On Sunday, while we were taking a break from working on the house at the little farm, and enjoying the breeze and a visit with Brandon's mom, I spied something green on the trunk of the pear tree. That's one big bug! I should have put something in the photo to show the scale so you can appreciate how big this cicada is. His body is several inches, and his pretty emerald and lacy wings extend beyond his body.
Also on the trunk of the tree, a few feet below the cicada, was his recently abandoned exoskeleton. It still has dirt on it from where he crawled from the ground as a nymph. I read that they can live underground from depths of nearly a foot to over eight feet. There's a whole other world under there!
The nymphs use their powerful front legs to dig, and they eat by sucking sap from tree roots. Comparing the exoskeleton to the adult cicada, I thought the most obvious difference, other than wings, is that the adult cicada has much more delicate front legs, and the nymph has a more prominent mouth/face area. I imagine shedding an exoskeleton feels awesome, like taking off a too tight pair of jeans. Ahhhh...
Check out these funky caterpillars. How long does it take these guys to fix their hair in the morning?! I think these are milkweed tussock moths (Euchaetes egle). They weren't eating a common milkweed though, they were eating a sandvine (Ampelamus albidus), which was climbing a blackberry plant. At first, I thought the vine they were eating was a type of bindweed (Convolvulus sp). I HATE bindweed when it's in my garden, which it always is because I can't get rid of it, so I was excited and ready to pack these guys up and carry them home to the garden. But, sadly, it turns out they aren't the solution to my ongoing struggle with bindweed after all. If I ever get invaded by sandvine though, I'll know who to call.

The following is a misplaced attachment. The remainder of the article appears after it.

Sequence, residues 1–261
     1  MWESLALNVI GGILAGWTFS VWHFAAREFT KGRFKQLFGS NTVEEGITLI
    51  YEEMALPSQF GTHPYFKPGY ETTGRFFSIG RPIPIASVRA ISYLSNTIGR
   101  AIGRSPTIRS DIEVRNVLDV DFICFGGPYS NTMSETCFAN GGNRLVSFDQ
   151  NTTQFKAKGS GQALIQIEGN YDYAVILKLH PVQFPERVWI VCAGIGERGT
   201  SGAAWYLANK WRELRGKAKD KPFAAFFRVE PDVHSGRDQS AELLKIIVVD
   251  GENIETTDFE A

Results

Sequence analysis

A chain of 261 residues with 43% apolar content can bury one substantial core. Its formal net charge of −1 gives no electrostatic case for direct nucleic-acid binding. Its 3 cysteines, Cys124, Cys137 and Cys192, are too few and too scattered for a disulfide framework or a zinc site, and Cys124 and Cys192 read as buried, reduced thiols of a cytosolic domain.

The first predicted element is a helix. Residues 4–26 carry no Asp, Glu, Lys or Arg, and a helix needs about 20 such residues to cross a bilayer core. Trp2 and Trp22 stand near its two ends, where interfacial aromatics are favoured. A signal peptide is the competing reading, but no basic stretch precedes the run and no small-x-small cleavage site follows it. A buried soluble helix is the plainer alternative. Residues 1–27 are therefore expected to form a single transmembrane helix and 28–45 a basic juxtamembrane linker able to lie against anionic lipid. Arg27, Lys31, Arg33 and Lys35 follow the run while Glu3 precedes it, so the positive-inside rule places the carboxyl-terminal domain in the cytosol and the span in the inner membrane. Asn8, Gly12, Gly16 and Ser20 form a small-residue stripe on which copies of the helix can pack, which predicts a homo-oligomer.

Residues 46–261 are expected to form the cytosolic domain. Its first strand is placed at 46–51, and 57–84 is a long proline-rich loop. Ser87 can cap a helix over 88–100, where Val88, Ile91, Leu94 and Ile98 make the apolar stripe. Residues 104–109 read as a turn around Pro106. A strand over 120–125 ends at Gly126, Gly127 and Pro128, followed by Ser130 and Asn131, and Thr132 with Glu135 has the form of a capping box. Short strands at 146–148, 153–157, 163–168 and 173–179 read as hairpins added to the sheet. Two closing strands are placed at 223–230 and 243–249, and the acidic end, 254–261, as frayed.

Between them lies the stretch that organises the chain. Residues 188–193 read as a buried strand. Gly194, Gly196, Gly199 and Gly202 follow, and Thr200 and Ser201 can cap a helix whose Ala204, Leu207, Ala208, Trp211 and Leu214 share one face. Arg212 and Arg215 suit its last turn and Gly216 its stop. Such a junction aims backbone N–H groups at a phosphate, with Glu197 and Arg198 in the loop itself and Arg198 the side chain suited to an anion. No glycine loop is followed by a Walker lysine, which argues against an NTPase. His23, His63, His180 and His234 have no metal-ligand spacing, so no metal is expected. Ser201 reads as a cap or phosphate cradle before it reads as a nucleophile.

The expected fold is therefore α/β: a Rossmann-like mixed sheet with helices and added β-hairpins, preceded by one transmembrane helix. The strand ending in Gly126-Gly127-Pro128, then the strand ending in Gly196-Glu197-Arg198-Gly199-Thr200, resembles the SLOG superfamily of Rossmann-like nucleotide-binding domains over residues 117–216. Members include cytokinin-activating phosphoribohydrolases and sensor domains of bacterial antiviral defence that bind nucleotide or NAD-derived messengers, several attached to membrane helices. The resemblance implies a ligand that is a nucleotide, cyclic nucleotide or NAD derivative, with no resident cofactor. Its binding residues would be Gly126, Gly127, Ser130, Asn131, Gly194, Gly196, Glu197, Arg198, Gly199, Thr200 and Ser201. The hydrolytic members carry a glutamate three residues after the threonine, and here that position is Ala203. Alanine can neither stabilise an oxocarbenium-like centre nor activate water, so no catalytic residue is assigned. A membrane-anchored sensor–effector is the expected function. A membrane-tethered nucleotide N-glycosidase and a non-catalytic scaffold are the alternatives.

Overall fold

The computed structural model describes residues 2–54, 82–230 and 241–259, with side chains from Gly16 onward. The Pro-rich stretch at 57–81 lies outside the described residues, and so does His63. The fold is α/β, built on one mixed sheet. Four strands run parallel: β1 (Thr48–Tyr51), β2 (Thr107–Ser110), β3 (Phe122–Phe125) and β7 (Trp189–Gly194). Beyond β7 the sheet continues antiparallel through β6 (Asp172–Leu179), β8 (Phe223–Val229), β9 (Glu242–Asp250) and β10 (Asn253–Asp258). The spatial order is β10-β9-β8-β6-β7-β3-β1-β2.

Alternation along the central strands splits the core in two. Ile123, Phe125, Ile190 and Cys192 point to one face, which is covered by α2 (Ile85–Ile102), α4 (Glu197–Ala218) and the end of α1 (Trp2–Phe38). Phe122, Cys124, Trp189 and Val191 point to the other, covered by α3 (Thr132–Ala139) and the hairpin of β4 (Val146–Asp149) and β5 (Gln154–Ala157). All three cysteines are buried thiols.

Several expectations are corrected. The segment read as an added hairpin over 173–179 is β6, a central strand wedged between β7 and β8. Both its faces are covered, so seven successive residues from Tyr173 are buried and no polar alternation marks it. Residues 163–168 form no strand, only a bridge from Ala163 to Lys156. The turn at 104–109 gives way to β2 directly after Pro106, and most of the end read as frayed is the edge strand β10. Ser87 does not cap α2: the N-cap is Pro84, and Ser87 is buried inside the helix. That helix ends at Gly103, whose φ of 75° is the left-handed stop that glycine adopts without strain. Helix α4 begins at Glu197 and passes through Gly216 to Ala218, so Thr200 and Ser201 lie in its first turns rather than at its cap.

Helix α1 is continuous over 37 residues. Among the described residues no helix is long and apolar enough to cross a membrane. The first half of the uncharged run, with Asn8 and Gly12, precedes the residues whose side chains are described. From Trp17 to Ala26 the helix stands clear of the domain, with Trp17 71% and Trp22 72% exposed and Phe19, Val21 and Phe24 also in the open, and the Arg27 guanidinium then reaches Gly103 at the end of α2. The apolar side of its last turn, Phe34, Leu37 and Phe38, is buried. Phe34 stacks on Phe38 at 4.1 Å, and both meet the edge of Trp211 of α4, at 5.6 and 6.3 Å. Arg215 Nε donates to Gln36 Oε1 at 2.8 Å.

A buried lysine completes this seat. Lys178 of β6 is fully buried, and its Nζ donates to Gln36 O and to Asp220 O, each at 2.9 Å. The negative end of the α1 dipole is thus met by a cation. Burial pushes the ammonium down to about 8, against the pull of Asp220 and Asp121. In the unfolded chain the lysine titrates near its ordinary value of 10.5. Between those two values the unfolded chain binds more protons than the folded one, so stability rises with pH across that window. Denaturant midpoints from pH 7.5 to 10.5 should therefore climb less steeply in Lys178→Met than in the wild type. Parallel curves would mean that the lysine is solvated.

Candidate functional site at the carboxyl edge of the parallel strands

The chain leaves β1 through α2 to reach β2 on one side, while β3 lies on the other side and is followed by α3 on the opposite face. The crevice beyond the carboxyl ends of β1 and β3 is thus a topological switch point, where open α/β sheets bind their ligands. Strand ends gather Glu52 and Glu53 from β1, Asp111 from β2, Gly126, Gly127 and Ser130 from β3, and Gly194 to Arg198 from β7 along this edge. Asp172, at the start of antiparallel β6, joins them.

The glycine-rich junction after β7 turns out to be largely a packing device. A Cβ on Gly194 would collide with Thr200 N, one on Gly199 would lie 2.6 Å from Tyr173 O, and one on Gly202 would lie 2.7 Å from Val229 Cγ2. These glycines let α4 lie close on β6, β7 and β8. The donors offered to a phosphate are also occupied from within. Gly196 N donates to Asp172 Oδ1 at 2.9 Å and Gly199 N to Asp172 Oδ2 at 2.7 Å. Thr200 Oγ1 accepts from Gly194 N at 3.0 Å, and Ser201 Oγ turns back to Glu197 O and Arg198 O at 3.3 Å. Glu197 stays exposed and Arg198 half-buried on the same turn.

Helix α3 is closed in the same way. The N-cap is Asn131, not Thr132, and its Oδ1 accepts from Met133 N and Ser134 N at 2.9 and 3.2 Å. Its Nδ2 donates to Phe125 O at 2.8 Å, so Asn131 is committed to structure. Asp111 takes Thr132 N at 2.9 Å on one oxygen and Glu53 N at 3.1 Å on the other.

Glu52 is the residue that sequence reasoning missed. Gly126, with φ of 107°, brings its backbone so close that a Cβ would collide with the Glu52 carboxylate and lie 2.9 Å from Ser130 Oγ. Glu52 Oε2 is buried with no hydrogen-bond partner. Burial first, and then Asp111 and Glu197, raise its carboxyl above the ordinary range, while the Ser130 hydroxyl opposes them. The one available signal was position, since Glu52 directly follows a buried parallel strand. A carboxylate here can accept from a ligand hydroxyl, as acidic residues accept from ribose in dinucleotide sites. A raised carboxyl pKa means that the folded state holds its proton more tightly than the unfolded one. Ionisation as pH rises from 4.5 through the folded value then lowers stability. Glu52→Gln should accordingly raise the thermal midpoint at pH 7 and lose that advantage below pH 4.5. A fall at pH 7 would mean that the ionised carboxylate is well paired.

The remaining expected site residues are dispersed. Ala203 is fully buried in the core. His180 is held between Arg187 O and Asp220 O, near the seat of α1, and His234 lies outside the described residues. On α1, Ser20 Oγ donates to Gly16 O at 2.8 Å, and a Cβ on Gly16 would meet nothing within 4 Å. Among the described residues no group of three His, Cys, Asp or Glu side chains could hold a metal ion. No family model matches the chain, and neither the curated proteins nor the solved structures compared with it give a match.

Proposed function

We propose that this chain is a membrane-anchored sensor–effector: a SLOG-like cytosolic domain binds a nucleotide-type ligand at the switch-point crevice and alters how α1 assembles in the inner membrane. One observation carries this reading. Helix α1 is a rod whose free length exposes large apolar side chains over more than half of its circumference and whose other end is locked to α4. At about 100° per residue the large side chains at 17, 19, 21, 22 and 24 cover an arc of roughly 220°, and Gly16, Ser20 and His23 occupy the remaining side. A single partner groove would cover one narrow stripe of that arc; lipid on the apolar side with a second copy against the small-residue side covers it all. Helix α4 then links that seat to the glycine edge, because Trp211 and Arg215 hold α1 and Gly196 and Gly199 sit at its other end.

Lately, Brandon has been spending some time each workday, in the evening, playing with his tractor, er...I mean, mowing. We have many discussions about mowing these days. I want to leave things un-mowed, because I like the habitat it creates for insects and wildlife, but Brandon worries that we aren't caring for our future pastures without mowing the weeds and letting the grass grow in thick. He also argues that with our miniature and antique equipment, letting things grow into young forests before mowing isn't a good idea. As a compromise, we waited until the beginning of July, so the baby birds have fledged, and he only mows one field at a time, in a staggered pattern, to give everybody a chance to scoot over. I also designated some areas as no-mow zones, to protect the milkweed plants. It helps that his mower deck is small and he's a sloppy mower, so there are still patches of tall vegetation throughout the fields.
In the photo above, I'm standing near the northwest corner of our property looking south. That's our little house and barns to the left. We really need a cow!
Someone stopped by recently and offered to cut our fields in exchange for the hay, thus saving us the effort of cutting it. I'm pretty sure that's how our fields have been managed in the recent past. We didn't take this offer because I would like to return all the organic matter and nutrition back to the soil, which hopefully will make stronger pastures for the future.
As Brandon cuts the grass, grasshoppers and other insects jump out of the way. This creates a feeding frenzy with the barn swallows, as you can see in the video above. You may want to watch as a full screen as the birds are fast and small and my video skills are weak. They remind me of gulls following a shrimp boat. They must hear the tractor from a distance and know to come over to eat, because they just appear and then disappear again once he's finished.